One more train ride (with a connection in Bologna Centrale) took us now from Florence to the picturesque and charming city of Verona and the Due Torri Hotel, perfectly situated on Piazza S. Anastasia next to the beautiful Church of Santa Anastasia.
After a quick check-in and settling into our room, we headed out to explore the town (another benefit of traveling by train between these cities is that the rides are quick and comfortable enough that you arrive at your next destination ready to head out and explore).
Here, again, all attractions are within walking distance of the hotel, and we had the opportunity to visit them all. A short stroll along Corso Sant’Anastasia led us to Piazza dei Signori with its shops, restaurants, cafès and outdoor merchants. After browsing the wares of the local artisans and enjoying some hot tea and brioche at a nearby Pasticerria, we continued on to Juliet’s Balcony for the mandatory visit and photo, and onto the impressive Roman arena, Arena di Verona, which dates back to the 1st century AD and still hosts events to this day, most notably the Arena di Verona Opera Festival during the summer months.
(The Due Torri Hotel is offering a one-of-a-kind experience this summer with their special VIP Opera Package for groups and families, including exclusive use of a private arch of the arena for the night and private cocktail service during the performance.)
As the Arena is situated directly on the wide-open Piazza Brà, this is a great space to stop mid-journey to grab a bite at one of the many open-air tables at the restaurants along the Piazza or a Juliet-inspired rose-shaped gelato to enjoy on one of the benches along the park in the center of the Piazza (which we chose to do).
After enjoying our gelato and sharing a bench with a local father and son out for the day (all of us managing to communicate with our broken Italian/English), our journey continued over to Castelvecchio (a medieval castle built in the 1350’s as a fortified control center on the Adige River) and a walk over its impressive three-arched bridge. There are views from this vantage point that are not to be missed and are stopping posts for most tourists itching for that lovely shot of Verona and the Adige River.
And speaking of views, when your journey finds you back at the hotel, the view from the Rooftop Panoramic Terrace and Gourmet Grill Restaurant at Hotel Due Torri (during warm-weather months and weather permitting) is another must-see.
The Lobby Lounge and Restaurant at Due Torri Hotel is also a place of beauty and comfort where you feel like you have been transported back in time with its pillars and architectural elements dating to the 14th century. The piano music that greets you as you enter the hotel lobby in the evenings just further contributes to the atmosphere of timeless elegance that this hotel exudes.
This is, actually, another hallmark of the hotels of the Duetorrihotels Collection – many of the spaces in the properties are museums in and of themselves: the 15th century frescoed ceilings of I Caracci Restaurant and the ancient Roman road remains at Grand Hotel Majestic “già Baglioni” in Bologna; the frescoed ceilings of the Sala Parlamento breakfast room (former meeting place for members of Parliament and the Senators of the Kingdom of Italy) at Hotel Bernini Palace, Florence; the historic architectural elements in the Lobby Lounge and Restaurant at Due Torri Hotel, Verona. Being in these spaces during your stay serves to elevate your overall state of being in a way that can’t be explained or put on paper…it’s beauty and history at every turn and you feel uplifted just being a part of it during your time of residence at each hotel.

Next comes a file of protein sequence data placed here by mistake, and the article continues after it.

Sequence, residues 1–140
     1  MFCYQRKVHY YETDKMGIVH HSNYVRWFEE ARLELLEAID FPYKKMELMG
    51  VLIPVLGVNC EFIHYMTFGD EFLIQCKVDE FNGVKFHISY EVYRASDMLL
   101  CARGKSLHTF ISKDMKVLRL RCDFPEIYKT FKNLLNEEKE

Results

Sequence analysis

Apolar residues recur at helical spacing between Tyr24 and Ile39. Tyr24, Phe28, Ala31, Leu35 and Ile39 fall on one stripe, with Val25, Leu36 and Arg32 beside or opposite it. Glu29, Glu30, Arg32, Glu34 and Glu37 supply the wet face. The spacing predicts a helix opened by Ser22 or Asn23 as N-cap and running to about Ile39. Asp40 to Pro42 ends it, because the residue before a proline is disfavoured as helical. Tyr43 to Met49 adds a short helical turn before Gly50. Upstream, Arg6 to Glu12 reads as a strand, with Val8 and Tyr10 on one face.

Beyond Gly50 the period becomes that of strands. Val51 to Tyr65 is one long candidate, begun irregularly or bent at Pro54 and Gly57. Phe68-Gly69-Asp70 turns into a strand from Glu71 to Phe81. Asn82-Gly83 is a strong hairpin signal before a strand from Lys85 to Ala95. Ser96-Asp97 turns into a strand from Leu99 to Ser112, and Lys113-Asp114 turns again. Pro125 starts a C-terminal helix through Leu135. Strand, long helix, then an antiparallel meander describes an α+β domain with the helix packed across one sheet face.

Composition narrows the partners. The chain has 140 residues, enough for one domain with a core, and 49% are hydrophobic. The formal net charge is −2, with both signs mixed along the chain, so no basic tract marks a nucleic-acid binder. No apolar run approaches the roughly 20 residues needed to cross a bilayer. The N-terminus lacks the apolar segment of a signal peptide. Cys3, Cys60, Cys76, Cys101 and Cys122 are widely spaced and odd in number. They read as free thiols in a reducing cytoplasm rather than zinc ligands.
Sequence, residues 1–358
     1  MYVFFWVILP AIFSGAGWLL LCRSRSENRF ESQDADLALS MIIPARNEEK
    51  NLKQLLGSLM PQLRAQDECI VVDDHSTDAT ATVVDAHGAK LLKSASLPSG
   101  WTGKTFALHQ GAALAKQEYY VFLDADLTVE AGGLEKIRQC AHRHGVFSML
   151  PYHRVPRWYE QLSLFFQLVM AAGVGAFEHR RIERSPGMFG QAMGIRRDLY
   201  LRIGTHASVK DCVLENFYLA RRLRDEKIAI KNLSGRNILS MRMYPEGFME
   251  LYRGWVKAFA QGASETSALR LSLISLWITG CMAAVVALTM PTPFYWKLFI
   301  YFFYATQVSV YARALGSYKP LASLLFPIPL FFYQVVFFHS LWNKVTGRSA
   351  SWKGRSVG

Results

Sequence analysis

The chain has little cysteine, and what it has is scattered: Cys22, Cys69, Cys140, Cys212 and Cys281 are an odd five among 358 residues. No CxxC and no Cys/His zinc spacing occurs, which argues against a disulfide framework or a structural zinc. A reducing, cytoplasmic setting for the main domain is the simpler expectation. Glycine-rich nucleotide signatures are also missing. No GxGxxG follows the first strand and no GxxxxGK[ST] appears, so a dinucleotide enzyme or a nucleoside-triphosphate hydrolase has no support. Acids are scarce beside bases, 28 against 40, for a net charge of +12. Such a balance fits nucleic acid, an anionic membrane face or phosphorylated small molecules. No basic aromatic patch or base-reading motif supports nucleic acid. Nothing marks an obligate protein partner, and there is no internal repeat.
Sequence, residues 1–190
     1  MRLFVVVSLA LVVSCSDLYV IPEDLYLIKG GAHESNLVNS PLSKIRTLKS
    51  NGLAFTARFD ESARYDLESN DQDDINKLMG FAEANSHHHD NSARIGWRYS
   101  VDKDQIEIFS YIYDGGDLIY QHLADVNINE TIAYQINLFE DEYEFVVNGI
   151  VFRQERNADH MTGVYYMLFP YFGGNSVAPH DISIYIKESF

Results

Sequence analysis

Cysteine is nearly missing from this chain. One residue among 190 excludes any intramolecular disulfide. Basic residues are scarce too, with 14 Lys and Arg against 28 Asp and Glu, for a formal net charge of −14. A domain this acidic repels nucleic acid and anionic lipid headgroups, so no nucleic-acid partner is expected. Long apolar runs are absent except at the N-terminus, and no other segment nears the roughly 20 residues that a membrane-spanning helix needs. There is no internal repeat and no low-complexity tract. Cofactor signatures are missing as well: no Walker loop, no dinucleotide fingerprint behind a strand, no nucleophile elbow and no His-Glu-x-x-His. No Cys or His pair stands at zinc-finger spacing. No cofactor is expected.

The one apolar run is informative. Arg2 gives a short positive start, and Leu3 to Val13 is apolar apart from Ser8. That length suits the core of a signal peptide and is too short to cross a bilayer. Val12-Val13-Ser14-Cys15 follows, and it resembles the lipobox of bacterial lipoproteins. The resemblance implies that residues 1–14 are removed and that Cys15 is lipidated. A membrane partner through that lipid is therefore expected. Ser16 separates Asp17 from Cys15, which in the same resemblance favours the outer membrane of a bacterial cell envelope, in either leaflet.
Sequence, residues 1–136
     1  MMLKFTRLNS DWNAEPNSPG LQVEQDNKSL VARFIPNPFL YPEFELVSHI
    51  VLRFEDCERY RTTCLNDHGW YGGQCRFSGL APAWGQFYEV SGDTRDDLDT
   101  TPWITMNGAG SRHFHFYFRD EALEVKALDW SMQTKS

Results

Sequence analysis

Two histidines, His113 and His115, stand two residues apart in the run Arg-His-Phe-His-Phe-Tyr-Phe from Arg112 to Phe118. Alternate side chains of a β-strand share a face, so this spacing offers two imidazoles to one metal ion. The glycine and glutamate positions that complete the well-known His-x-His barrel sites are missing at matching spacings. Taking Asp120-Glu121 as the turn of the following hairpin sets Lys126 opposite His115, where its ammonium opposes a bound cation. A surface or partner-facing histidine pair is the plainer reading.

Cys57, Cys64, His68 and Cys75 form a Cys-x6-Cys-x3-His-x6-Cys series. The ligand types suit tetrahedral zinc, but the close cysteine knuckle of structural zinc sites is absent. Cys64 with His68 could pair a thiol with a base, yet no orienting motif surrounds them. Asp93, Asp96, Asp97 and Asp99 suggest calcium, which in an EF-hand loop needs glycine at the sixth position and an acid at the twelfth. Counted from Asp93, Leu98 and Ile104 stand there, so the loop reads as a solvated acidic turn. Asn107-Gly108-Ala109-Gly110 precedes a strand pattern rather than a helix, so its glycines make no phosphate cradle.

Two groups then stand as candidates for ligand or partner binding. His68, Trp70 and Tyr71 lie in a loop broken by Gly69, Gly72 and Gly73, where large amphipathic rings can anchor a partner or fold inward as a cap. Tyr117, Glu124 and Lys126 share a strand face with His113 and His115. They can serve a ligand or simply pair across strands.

All in all, one of the strongest impressions of Verona for me was that this is a town that exudes charm and prettiness. I found myself using that word over and over. It’s just downright pretty! Not in a showy or ostentatious kind of way, but in a way where, perhaps, thoughtfulness and joy combine to produce design and ornamentation that exude a sense of simple sweetness and prettiness. It shows itself in little details; little unexpected gifts along the way. This was a town where I found myself saying to my daughter as we’d pass different streets and buildings “I’m so grateful that the designer saw fit to go that extra mile…to add that beautiful metalwork design…to use that color”. The prettiness of the place ignited that sense of gratitude in me.
So many of the streets of Verona look as if they were staged and pulled off of movie sets. Verona is a beautifully-preserved town with a combination of quaint, narrow streets and wide-open piazzas. I, particularly, enjoyed the authentic Italian spirit we encountered here – locals hanging around the marble coffee bars sipping their coffee and chatting away, children playing in the grass at Piazza Brà, teenagers on school trips at Castelvecchio. You’re given a glimpse into Italian lifestyle in an easy-going kind of way here, and it was a great way to round out our Italian adventure – an 8-night adventure across 4 Italian cities and 3 Duetorrihotels which found 2 generations of ladies engaged, interested and delighted every step of the way.
As we head to the airport and our tour of these three Duetorrihotels comes to a close, we take with us, among many memories and experiences, the joyful energy of Bologna, the intentional thoughtfulness of Florence and the sweet prettiness of Verona. Characteristics that it will serve us well to remember, to appreciate a bit more, and to strive to exude and share a bit more upon our return back home.
As we do, we say not “farewell”, but “arrivederci”, Italy! Until we meet again…